By the summer, the rising incidence of breakthrough infections provided growing support for this supposition. Most of the early cases were in elderly and immunocompromised people, who often do not have a strong immune response to vaccines. Many experts hoped that the need for boosters would end there.
But evidence of declining immunity to all vaccines and across the age range is mounting. Even fully vaccinated younger adults with breakthrough infections can become seriously ill and die.
This week brought the first real evidence of the benefits of boosters in young, healthy people. Israeli researchers found that a third dose of Pfizer’s vaccine prevented infections in 16- to 29-year-olds more dramatically than any other age group measured. Given the key role played by young adults in sustaining the spread of a pandemic, some scientists suggested that a policy of universal booster vaccination could do more than reduce hospitalizations and deaths. It could also suppress new waves of infection.
This and another new study from Israel also reinforced the evidence for the powerful benefits of boosters for middle-aged adults. Israelis aged 50 and older who received a third vaccination were 10 times less likely to die from COVID-19 than their vaccinated but unboosted peers. Israelis aged 60 and older reduced their risk of serious illness by a factor of more than 12 compared to their peers who did not receive a third vaccination, and they were almost 15 times less likely to die from COVID-19.
Los Angeles County has provided further evidence of the effect of boosters. In the seven days ending November 29, there were 43 new infections per 100,000 population, who were fully vaccinated but not boosted. But among those who received a booster shot, the rate of new infections was only 7 per 100,000.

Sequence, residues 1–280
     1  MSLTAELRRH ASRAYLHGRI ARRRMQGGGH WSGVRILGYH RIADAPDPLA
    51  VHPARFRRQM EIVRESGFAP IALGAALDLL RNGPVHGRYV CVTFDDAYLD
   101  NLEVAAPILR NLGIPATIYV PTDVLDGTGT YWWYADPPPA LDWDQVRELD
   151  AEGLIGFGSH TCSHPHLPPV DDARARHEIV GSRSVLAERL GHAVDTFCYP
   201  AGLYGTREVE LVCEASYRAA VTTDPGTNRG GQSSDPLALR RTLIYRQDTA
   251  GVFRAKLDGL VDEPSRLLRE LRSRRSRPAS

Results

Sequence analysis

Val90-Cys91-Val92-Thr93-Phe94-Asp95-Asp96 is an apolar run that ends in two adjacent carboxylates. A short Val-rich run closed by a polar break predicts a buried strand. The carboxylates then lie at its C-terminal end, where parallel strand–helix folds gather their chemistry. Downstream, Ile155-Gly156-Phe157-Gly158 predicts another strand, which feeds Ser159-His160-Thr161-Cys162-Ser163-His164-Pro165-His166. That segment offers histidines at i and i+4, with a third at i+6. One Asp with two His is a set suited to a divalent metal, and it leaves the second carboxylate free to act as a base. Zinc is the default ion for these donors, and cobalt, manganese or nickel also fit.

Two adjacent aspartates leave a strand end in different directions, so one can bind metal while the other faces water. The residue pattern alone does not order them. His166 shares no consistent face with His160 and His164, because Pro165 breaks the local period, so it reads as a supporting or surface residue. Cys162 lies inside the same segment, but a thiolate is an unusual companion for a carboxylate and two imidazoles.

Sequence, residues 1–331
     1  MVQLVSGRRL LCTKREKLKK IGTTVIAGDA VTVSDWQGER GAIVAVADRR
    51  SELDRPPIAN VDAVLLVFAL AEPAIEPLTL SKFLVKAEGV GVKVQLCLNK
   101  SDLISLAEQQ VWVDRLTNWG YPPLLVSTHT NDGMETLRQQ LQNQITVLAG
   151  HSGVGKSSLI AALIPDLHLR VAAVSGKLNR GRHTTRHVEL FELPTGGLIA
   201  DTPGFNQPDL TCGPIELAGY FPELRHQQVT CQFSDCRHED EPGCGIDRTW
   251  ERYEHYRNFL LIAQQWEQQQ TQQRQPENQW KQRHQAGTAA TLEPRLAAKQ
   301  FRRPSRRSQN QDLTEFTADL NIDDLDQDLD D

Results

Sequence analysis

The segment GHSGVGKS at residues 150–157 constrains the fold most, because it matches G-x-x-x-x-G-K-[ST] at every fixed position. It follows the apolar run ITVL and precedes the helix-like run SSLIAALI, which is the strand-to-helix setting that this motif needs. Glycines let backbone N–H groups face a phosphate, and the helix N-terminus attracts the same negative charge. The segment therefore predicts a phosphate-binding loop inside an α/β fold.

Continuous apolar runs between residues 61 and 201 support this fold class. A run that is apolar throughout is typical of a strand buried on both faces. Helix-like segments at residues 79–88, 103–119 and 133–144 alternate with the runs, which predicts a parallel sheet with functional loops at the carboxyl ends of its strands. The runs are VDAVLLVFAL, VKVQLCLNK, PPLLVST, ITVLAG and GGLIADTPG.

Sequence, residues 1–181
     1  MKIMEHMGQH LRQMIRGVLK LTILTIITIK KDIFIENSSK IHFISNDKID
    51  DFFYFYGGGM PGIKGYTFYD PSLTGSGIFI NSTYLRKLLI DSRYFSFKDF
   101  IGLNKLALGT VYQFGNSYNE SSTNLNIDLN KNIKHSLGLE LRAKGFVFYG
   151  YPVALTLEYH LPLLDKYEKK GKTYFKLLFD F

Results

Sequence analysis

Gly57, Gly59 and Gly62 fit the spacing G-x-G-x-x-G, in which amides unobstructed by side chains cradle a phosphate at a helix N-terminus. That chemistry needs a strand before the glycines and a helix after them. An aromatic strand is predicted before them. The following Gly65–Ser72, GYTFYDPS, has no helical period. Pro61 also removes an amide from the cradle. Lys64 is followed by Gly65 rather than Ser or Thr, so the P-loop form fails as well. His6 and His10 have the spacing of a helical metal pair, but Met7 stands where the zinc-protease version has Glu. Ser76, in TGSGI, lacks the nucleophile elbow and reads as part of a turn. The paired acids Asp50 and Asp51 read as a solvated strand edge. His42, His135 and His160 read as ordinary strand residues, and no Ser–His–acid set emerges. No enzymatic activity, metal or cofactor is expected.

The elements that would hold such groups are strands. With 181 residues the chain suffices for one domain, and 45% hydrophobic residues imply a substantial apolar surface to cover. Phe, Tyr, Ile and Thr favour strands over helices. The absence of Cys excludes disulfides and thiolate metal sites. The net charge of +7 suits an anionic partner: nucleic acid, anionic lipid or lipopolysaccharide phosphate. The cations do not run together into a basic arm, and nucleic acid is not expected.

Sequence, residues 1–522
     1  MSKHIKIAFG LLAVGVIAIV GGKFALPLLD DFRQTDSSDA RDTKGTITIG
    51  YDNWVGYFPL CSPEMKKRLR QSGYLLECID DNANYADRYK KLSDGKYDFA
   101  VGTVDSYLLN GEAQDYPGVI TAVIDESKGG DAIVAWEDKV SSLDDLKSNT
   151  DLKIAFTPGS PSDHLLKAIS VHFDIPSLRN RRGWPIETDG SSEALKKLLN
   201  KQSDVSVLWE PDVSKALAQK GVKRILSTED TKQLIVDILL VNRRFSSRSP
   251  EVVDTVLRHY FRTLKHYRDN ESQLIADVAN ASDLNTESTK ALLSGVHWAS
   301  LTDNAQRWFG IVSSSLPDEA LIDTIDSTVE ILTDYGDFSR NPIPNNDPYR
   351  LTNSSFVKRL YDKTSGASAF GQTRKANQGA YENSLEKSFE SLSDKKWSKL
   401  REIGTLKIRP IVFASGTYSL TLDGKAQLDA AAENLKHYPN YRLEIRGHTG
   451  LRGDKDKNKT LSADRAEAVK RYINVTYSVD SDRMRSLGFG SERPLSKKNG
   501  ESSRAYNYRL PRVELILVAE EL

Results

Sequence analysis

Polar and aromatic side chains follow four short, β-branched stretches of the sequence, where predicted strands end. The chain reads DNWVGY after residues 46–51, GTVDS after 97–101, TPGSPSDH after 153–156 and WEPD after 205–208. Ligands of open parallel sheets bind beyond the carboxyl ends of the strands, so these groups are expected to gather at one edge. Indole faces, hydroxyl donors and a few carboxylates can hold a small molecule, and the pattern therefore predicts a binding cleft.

Right now, Hotez said, it’s more important to clearly communicate to those over 16 that they should get booster shots for their own protection than to change the definition of “fully vaccinated” — something that’s part of everyday life in cities like Los Angeles and San Francisco, which would require proof of vaccination to enter indoor businesses such as restaurants and gyms.
As health officials grapple with the next step of the pandemic, they may decide that reducing COVID-19 deaths and keeping people out of hospital are the most pressing priorities. This would require a greater focus on increasing rates of primary vaccination versus booster vaccination.
But as case numbers fall, the emphasis on boosters could be a way to slow transmission and end the pandemic sooner — and changing the definition of fully vaccinated might well support such a goal, Hotez said.
Some experts remain skeptical that this move would make sense. They question whether it is ethical and productive to offer extra doses to those least likely to get seriously ill when many of the world’s poorest countries have just started vaccinating their populations.
The new findings from Israel clearly show that booster shots are valuable for people aged 50 and over, said Dr. Emily P. Hyle, infectious disease specialist at Massachusetts General Hospital. But “it’s getting a little harder” to conclude that they’re useful for younger people, she added.
“I’m looking for more detailed data on what kind of symptoms they prevent. Is it a cold day or a week or two of serious illness?” said Hyle. “That would be really helpful to know.”
The answer could spark a broader debate about whether getting more Americans — or the rest of the world — their first doses of the vaccine is a more effective use of scarce resources, she said. That, in turn, should also spark “some tough talks” about the goals US health officials should aim for: eradicate transmission altogether, minimize serious illness and deaths, or return to pre-pandemic life without public health compromises.
Hotez said it’s possible a fourth shot — or more — will be needed. This will depend on a variety of unknowns beyond how the human immune system responds to boosters, including the emergence of variants that undermine vaccine protection, and the priorities of public health officials.
“We don’t know until we know,” he said.
https://www.latimes.com/science/story/2021-12-11/should-the-definition-of-fully-vaccinated-include-a-booster-shot Should the definition of ‘fully vaccinated’ include a booster shot?